|Giants closer Sergio Romo and catcher Buster Posey celebrate their NLCS Game 7 win. (Getty Images)|
The National League playoff featured just about everything you could imagine -- from controversy in the wild card game, to two epic comebacks in the division series and then the Giants surviving three elimination games to advance to the World Series. Game 7 of the National League Championship Series may not have been the best game of the bunch, but it had its excitement. Let's hope the World Series is as enjoyable as the NL playoffs were.
Giants offense: Every member of the Giants starting lineup recorded a hit, including Marco Scutaro who had three. Even starter Matt Cain got in on the hit parade, singling in a run in the second. Each member of the starting nine either scored or drove in a run. The Giants went 14 for 38 at the plate.
Matt Cain: Funny the difference between a two-run lead and a seven-run lead. Cain had 56 pitches through three innings, and despite a 2-0 lead, it seemed like he wouldn't last too much longer. But then the Giants offense exploded for five runs in the third and he cruised through the next 2 2/3 innings. After putting runners in scoring position in each of the first three innings, he didn't allow another runner to second until he had one out in the sixth. After Cain got David Freese swinging for the second out of the inning, Jeremy Affeldt replaced him and got the final out of the inning. Cain gave up five hits and a walk, striking out four, in his 5 2/3 innings. He threw 102 pitches.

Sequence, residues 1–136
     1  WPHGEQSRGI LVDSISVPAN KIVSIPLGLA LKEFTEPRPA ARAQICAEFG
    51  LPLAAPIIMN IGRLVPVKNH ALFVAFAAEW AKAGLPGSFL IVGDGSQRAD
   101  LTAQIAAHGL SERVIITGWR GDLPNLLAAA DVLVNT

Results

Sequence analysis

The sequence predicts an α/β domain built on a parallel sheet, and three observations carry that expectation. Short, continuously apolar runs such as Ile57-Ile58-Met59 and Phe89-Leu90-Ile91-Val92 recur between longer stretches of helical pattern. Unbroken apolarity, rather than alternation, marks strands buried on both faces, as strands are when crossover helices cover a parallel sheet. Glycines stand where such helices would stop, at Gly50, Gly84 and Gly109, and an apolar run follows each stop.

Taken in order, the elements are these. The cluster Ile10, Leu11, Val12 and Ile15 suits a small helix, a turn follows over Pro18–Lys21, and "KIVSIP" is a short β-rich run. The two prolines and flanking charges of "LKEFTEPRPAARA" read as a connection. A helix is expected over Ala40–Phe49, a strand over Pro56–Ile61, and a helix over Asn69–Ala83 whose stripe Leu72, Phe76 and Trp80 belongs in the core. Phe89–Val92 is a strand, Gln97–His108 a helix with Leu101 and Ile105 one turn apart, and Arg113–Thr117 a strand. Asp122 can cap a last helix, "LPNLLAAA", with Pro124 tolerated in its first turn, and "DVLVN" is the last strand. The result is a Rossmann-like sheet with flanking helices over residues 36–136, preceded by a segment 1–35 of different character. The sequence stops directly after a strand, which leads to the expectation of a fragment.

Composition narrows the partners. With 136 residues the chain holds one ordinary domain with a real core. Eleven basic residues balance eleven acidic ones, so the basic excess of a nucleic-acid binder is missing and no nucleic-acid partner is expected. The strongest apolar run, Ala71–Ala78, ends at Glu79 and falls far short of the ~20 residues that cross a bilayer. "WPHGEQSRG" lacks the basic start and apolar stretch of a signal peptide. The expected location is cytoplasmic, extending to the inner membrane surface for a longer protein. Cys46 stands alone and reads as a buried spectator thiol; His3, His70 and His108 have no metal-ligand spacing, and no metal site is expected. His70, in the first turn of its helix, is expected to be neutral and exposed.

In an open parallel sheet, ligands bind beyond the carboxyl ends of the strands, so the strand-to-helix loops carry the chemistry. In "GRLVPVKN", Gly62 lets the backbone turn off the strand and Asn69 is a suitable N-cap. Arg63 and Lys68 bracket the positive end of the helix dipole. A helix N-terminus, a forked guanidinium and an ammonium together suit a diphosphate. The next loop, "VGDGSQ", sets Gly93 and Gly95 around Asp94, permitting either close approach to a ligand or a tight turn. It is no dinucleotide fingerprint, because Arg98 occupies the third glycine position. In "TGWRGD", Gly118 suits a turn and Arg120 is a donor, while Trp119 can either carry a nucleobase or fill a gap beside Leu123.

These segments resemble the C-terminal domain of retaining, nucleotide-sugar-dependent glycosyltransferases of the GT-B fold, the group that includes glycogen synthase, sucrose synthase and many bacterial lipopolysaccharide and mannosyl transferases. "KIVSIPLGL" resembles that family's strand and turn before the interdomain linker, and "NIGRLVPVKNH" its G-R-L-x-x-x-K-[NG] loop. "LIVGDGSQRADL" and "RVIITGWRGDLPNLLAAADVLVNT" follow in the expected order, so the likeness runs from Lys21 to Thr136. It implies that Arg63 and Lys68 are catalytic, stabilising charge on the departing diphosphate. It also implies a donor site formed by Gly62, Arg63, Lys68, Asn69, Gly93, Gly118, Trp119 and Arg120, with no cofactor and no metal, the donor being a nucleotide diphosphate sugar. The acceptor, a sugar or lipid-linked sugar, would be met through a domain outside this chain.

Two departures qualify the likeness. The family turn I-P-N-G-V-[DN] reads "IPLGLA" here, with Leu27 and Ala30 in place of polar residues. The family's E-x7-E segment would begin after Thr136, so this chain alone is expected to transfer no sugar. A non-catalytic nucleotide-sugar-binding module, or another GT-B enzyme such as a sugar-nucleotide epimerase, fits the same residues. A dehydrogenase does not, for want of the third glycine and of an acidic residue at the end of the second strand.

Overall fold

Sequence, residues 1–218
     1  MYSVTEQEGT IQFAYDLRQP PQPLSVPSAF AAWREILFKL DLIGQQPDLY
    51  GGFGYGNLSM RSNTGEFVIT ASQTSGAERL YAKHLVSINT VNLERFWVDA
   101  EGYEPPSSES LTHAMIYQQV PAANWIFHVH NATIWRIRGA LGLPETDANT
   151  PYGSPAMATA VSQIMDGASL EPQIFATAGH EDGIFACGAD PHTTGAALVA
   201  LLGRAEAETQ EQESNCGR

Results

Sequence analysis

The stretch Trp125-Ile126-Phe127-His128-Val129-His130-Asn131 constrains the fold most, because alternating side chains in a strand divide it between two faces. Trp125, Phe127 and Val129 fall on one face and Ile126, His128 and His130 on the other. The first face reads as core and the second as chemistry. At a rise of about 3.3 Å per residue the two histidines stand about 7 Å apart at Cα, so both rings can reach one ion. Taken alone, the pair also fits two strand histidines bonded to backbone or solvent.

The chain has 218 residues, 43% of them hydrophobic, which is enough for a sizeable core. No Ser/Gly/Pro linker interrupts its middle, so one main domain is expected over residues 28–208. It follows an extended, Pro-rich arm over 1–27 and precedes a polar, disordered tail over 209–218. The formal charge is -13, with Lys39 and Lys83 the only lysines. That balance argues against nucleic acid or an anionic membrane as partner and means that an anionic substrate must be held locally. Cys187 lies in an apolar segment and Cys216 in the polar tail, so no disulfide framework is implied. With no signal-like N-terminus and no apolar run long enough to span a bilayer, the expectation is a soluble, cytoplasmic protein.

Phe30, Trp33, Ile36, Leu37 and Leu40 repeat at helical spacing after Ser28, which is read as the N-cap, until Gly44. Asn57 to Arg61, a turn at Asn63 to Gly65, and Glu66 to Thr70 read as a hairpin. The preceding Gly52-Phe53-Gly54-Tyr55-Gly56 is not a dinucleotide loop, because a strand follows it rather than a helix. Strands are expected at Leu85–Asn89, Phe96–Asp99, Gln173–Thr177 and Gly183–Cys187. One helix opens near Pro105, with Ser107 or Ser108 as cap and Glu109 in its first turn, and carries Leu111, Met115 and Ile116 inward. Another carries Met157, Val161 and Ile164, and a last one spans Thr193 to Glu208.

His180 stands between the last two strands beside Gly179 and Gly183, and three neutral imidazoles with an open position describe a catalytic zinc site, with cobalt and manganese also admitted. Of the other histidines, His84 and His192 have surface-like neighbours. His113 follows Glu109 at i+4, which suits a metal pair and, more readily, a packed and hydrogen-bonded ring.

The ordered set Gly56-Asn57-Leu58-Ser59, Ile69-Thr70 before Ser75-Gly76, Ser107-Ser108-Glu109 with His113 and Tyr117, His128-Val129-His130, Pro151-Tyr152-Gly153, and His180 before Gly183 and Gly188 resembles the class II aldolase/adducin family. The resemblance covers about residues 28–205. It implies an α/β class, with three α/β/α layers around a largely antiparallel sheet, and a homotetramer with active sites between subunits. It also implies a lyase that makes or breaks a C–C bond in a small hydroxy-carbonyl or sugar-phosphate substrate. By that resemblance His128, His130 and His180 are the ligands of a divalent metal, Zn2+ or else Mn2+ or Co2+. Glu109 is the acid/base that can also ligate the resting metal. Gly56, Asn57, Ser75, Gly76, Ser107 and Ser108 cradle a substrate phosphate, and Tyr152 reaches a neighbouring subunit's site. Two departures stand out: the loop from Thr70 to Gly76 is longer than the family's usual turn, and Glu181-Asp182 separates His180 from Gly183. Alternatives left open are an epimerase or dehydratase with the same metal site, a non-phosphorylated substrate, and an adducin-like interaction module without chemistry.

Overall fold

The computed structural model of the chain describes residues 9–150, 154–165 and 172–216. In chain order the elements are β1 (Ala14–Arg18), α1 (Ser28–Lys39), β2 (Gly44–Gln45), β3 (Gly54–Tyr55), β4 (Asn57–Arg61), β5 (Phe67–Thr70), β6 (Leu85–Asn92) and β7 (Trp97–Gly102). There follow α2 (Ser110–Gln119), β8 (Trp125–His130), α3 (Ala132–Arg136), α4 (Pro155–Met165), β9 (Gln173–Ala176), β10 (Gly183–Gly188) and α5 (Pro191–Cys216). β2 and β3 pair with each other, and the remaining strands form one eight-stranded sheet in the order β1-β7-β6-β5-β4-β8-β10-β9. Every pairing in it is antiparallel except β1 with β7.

Weather: A threat of rain hung over most of the game, and by the time it did come out, the game had been decided. If the scored weren't 9-0, there's no question the umpires would have called for the tarp. But with the Cardinals' fate sealed, it seemed prudent to play in the downpour. It also gave us some great visuals -- and luckily nobody was hurt.
Mike Matheny: The rookie skipper of the Cardinals had an impressive season just to get this far in the first post-Albert Pujols, post-Tony La Russa season in St. Louis. While it may have been the right call to go to the bullpen in the third inning on Monday, he went with Joe Kelly instead of his best reliever, Trevor Rosenthal, in what turned out to be the game's pivotal inning. Rosenthal pitched two scoreless innings, striking out four, later in the game, but by that time the damage was done.
Cardinals defense: St. Louis was only charged with two errors in the game, and all nine of their runs were earned, but you'd be hard pressed to say defense wasn't the key to this game. Rookie shortstop Pete Kozma wasn't charged with an error until later in the game, but he had a rough third inning, misplaying Hunter Pence's double, then failing to get Pence at the plate on a force out for the inning's fourth run. The fifth run of the inning scored when he and Daniel Descalso couldn't turn two on Angel Pagan's grounder. Jon Jay was charged with an error, allowing a run to score, on Pence's double. St. Louis had six errors in the series.